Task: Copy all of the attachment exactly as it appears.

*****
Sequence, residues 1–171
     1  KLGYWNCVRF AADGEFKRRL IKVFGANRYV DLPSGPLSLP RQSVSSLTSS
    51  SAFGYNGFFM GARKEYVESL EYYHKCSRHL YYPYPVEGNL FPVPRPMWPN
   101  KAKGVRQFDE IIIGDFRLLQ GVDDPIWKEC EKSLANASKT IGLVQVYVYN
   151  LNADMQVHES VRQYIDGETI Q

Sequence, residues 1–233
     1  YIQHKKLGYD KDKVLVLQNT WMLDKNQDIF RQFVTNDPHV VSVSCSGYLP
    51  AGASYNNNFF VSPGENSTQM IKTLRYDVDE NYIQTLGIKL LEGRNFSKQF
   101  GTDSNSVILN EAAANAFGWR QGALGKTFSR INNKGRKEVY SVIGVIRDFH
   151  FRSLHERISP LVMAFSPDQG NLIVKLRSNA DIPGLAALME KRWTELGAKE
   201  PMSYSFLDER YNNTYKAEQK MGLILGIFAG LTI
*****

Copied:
Sequence, residues 1–171
     1  KLGYWNCVRF AADGEFKRRL IKVFGANRYV DLPSGPLSLP RQSVSSLTSS
    51  SAFGYNGFFM GARKEYVESL EYYHKCSRHL YYPYPVEGNL FPVPRPMWPN
   101  KAKGVRQFDE IIIGDFRLLQ GVDDPIWKEC EKSLANASKT IGLVQVYVYN
   151  LNADMQVHES VRQYIDGETI Q

Sequence, residues 1–233
     1  YIQHKKLGYD KDKVLVLQNT WMLDKNQDIF RQFVTNDPHV VSVSCSGYLP
    51  AGASYNNNFF VSPGENSTQM IKTLRYDVDE NYIQTLGIKL LEGRNFSKQF
   101  GTDSNSVILN EAAANAFGWR QGALGKTFSR INNKGRKEVY SVIGVIRDFH
   151  FRSLHERISP LVMAFSPDQG NLIVKLRSNA DIPGLAALME KRWTELGAKE
   201  PMSYSFLDER YNNTYKAEQK MGLILGIFAG LTI